A pilot study to assess the use of protein a immunoadsorption for chronic dilated cardiomyopathy

Leslie T Jr. Cooper, Marek Belohlavek, Josef Korinek, Shiro Yoshifuku, Partho P. Sengupta, Edwin A. Burgstaler, Jeffrey L. Winters

Research output: Contribution to journalArticle

26 Citations (Scopus)

Abstract

Dilated cardiomyopathy (DCM) is a leading cause of end-stage heart failure and cardiac transplantation. Anticardiac antibodies are common and removal of these through immunoadsorption (IA) is associated with improvement in global cardiac function. The effect of IA on regional function and quality of life (QOL) without intravenous immunoglobulin (IVIG) substitution has not been described. We performed a pilot trial using Immunosorba® columns in four patients with chronic DCM and NYHA Class II-III congestive heart failure. Subjects were followed for 6 months with serial echocardiograms and validated QOL assessments. Regional and global left ventricular (LV) end-systolic deformations were assessed by two-dimensional strain echocardiography. Total IgG decreased 95% (from 1,210 ± 274 mg/dl to 57 ± 16 mg/dl, P = 0.003) and IgG3 decreased 61% (from 33 ± 16 mg/dl to 13 ± 7 mg/dl, P = 0.024). QOL improved from baseline to 6 months as assessed by the Living with Heart Failure questionnaire (from 54 ± 18 to 19 ± 7, P = 0.029). Mean LV ejection fraction improved from 35 to 40% at Day 5 and to 44% at 6 months (P = NS). The LV end diastolic and end systolic volumes decreased (220-202 ml, 159-130 ml, P = NS) at 6 months. Global end-systolic strain improved from -7.3% at baseline to -8.5% at Day 5 and 8.8% at 6 months (P = NS). Regional LV function and response to IA was not uniform. Even without IVIG substitution, IA for the treatment of chronic DCM is associated with improved QOL up to 6 months after treatment. A randomized, sham-controlled trial is required to confirm the benefits of IA for DCM.

Original languageEnglish (US)
Pages (from-to)210-214
Number of pages5
JournalJournal of Clinical Apheresis
Volume22
Issue number4
DOIs
StatePublished - 2007

Fingerprint

Dilated Cardiomyopathy
Quality of Life
Heart Failure
Intravenous Immunoglobulins
Heart Transplantation
Proteins
Immunoglobulin G
Left Ventricular Function
Stroke Volume
Echocardiography
Randomized Controlled Trials
Antibodies
Therapeutics

Keywords

  • Anticardiac antibodies
  • Dilated cardiomyopathy
  • Immunoadsorption
  • Myocarditis

ASJC Scopus subject areas

  • Hematology

Cite this

A pilot study to assess the use of protein a immunoadsorption for chronic dilated cardiomyopathy. / Cooper, Leslie T Jr.; Belohlavek, Marek; Korinek, Josef; Yoshifuku, Shiro; Sengupta, Partho P.; Burgstaler, Edwin A.; Winters, Jeffrey L.

In: Journal of Clinical Apheresis, Vol. 22, No. 4, 2007, p. 210-214.

Research output: Contribution to journalArticle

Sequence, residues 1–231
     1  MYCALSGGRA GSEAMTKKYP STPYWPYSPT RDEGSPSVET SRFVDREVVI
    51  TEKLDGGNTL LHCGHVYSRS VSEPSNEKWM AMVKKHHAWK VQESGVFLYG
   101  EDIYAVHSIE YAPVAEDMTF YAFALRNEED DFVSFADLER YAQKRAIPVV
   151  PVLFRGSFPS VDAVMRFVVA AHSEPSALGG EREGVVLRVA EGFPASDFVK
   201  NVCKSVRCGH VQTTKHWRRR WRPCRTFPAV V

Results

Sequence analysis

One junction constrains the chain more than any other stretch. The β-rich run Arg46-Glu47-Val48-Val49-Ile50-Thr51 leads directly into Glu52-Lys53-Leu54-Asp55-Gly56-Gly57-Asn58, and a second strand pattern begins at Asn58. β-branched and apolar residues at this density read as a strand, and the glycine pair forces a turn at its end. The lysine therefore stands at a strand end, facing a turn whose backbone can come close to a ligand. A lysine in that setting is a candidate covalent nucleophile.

Cooper, Leslie T Jr. ; Belohlavek, Marek ; Korinek, Josef ; Yoshifuku, Shiro ; Sengupta, Partho P. ; Burgstaler, Edwin A. ; Winters, Jeffrey L. / A pilot study to assess the use of protein a immunoadsorption for chronic dilated cardiomyopathy. In: Journal of Clinical Apheresis. 2007 ; Vol. 22, No. 4. pp. 210-214.
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abstract = "Dilated cardiomyopathy (DCM) is a leading cause of end-stage heart failure and cardiac transplantation. Anticardiac antibodies are common and removal of these through immunoadsorption (IA) is associated with improvement in global cardiac function. The effect of IA on regional function and quality of life (QOL) without intravenous immunoglobulin (IVIG) substitution has not been described. We performed a pilot trial using Immunosorba{\circledR} columns in four patients with chronic DCM and NYHA Class II-III congestive heart failure. Subjects were followed for 6 months with serial echocardiograms and validated QOL assessments. Regional and global left ventricular (LV) end-systolic deformations were assessed by two-dimensional strain echocardiography. Total IgG decreased 95{\%} (from 1,210 ± 274 mg/dl to 57 ± 16 mg/dl, P = 0.003) and IgG3 decreased 61{\%} (from 33 ± 16 mg/dl to 13 ± 7 mg/dl, P = 0.024). QOL improved from baseline to 6 months as assessed by the Living with Heart Failure questionnaire (from 54 ± 18 to 19 ± 7, P = 0.029). Mean LV ejection fraction improved from 35 to 40{\%} at Day 5 and to 44{\%} at 6 months (P = NS). The LV end diastolic and end systolic volumes decreased (220-202 ml, 159-130 ml, P = NS) at 6 months. Global end-systolic strain improved from -7.3{\%} at baseline to -8.5{\%} at Day 5 and 8.8{\%} at 6 months (P = NS). Regional LV function and response to IA was not uniform. Even without IVIG substitution, IA for the treatment of chronic DCM is associated with improved QOL up to 6 months after treatment. A randomized, sham-controlled trial is required to confirm the benefits of IA for DCM.",
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